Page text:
View from other side…

Posted: February 2, 2011 in Misc., People, Photos, Places, Quotes
Tags: , , , , ,

I saw this TED video on China’s rise and was going through the comments. As expected, there were a wave of comments from people seemingly of Chinese origin defending any damage to their country’s image.

Among the many ill-mannered and some illogical comments, was one which seemed relatively sensible and straightforward. It presented a (selective) chronological list of invasions that China has suffered. For anyone who wishes to learn how history is rewritten by leaders in a closed society, there are several points in there. The most interesting point is how the Chinese leadership is trying to create a self-view of China as a wronged, long-oppressed country that rises and fights off its oppressors.

The first item in that list, mentioning Ireland as a co-invader, is an indication that the commentator may not be too keen on historical accuracies. However, the highlighted section illustrates the outcome of a one-sided view of history developed to match the historical narrative that suits the leaders:

  1. 1937-45 Sino-Japanese war later became part of WWII, in which China defeated Japan“. What is being referred to as Sino-Japanese war seems to me as that conquest of China by Japan. In fact, by the time WW2 began in Pacific theatre, the Japanese had crushed the Kuomintang while the Communists were still recovering after the Long March. It helps the Chinese leaders to present a brave Sino-Japanese struggle evolving into the World War. However, the reality is that sans Japanese attacks on Pearl Harbour, Thailand, Malaya and Hong Kong, there wouldn’t have been a world war in the Pacific, with Japan being allowed to ‘keep’ China. As for China defeating Japan in WW2, well it would like on par if Kuwaitis claimed to have defeated Iraq in the First Gulf War.
  2. 1950 Britain invaded Tibet, part of China“. I have no idea where to begin with this one. By 1950, Britain had been out of the subcontinent for over 2 years with no ground forces remaining back for such strategic invasions. The only other bordering nations of Tibet were USSR and China. Doubt either of them would have allowed their territory to Britain for invading Tibet. What really happened in 1950 is well known – China’s PLA invaded Tibet under the pretext of freeing the ‘serfs’. They never left and people like our commentator here were brought up to believe this alternate version of events.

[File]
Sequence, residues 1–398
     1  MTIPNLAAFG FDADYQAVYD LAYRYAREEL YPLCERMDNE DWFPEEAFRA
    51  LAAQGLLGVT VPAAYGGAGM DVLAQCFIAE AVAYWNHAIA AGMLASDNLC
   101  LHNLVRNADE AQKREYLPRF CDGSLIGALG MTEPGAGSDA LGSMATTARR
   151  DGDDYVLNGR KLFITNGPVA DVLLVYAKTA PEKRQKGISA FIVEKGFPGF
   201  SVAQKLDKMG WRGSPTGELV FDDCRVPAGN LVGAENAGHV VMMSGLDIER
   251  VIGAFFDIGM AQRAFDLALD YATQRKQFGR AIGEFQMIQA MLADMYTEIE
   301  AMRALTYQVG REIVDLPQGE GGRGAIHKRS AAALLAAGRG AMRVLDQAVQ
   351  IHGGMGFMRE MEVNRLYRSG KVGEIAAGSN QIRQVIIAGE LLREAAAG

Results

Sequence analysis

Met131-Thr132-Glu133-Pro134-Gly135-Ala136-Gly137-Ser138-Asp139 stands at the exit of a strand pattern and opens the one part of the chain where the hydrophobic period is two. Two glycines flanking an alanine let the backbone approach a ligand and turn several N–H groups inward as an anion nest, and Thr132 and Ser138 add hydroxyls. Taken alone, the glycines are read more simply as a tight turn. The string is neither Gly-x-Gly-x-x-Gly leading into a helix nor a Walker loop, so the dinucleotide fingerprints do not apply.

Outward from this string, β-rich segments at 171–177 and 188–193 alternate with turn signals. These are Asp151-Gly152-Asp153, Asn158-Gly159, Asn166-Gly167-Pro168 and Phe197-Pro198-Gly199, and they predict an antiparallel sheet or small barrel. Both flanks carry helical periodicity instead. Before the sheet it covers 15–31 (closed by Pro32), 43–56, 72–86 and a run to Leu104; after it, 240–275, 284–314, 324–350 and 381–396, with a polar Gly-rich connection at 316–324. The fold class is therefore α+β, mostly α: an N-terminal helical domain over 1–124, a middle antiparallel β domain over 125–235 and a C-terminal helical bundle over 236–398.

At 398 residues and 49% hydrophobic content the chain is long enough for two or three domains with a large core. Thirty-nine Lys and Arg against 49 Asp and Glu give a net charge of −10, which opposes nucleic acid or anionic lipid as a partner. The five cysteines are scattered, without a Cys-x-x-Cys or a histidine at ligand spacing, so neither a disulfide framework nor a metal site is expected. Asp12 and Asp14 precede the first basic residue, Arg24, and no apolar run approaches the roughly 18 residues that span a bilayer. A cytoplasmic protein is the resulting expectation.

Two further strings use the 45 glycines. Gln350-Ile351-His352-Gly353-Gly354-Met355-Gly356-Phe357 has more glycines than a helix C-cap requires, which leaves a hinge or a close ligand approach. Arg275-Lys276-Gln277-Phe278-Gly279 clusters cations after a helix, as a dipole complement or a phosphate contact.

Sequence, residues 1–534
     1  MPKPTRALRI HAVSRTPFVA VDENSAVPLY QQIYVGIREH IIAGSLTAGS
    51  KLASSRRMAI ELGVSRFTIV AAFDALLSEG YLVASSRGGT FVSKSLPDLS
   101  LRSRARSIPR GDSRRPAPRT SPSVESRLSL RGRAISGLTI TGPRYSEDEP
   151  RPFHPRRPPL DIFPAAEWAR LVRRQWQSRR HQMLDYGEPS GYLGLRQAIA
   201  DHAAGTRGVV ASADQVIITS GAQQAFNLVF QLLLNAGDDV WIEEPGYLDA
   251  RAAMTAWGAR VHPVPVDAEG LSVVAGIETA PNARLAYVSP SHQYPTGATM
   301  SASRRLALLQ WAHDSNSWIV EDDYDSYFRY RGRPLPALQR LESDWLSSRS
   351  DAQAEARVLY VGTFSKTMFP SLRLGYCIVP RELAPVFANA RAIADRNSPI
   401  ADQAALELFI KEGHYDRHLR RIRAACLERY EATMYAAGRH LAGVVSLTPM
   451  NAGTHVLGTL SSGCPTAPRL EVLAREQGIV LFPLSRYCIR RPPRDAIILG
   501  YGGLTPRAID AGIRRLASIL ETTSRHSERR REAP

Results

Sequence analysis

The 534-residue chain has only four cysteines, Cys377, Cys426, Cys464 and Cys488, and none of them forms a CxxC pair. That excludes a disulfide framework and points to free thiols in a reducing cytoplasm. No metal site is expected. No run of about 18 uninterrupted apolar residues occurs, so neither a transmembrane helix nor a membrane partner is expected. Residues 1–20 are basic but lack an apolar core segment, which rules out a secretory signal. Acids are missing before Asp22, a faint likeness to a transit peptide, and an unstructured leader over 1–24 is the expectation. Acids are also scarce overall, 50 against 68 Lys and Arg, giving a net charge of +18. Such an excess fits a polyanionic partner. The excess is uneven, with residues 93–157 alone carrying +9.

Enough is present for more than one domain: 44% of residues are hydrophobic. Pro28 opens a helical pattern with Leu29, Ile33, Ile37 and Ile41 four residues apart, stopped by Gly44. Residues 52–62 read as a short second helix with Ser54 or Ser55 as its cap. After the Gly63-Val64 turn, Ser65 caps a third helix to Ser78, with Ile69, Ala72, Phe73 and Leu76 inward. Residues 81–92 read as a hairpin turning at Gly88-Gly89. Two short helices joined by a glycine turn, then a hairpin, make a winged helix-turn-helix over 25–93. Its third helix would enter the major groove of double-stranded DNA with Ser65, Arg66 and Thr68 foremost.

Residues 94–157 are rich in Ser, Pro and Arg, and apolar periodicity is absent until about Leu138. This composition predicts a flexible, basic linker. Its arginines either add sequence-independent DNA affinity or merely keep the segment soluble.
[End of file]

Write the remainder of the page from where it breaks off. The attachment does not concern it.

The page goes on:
3. 1962 India crossed border into Tibet & was evicted“. Now, this is one point I have no strong objections to. Of course, India had displayed an unnecessarily aggressive stance on the border dispute with China and Indian forces were pretty much routed by the PLA. The closest to truth, though still incomplete, amongst the listed.
  4. 1979 Third Indochina War, Vietnam occupied Cambodia, China“. This one is part truth, part hot air. Yes, Vietnam had invaded Cambodia in 1978 to remove the Khmer regime. Some may call it an occupation. No, Vietnam never invaded, let alone occupied China! In fact, in 1979, it was China that invaded Vietnam in response to the earlier Vietnamese invasion of Cambodia. The reason then given by Chinese leadership for invasion of Vietnam was ‘mistreatment of the Chinese ethnic minority’ in Vietnam.

The best part of that comment for me was the last line – ‘Had not been for Chinese’ 8-years resistance to Japan’s invasion, the WWII would have lasted way longer‘. One of the well established facts about Japanese war machine was the role of China in supplying it with raw materials. The surrender of Japanese was forced by dropping atomic bombs on two of their cities while threatening an invasion of the mainland. This, while most of China was still under Japanese control with pockets of guerilla-type resistance. I think, the truth might be closer to: ‘Had not been for Japan’s 8-year rule over China, the WWII might have never arrived in the Pacific.


It is understandable that the Chinese could present these outright lies as historical facts to their population given the tightly controlled nature of the regime and limited access to independent, international information sources. What I find strange is what is happening in the other part of our neighbourhood – the Pakland. It surprises me that a country with such easy access to independent, external information sources is thriving on its own prejudiced version of history. History that was written barely three decades ago under Gen Zia ul Haq. Surprising.

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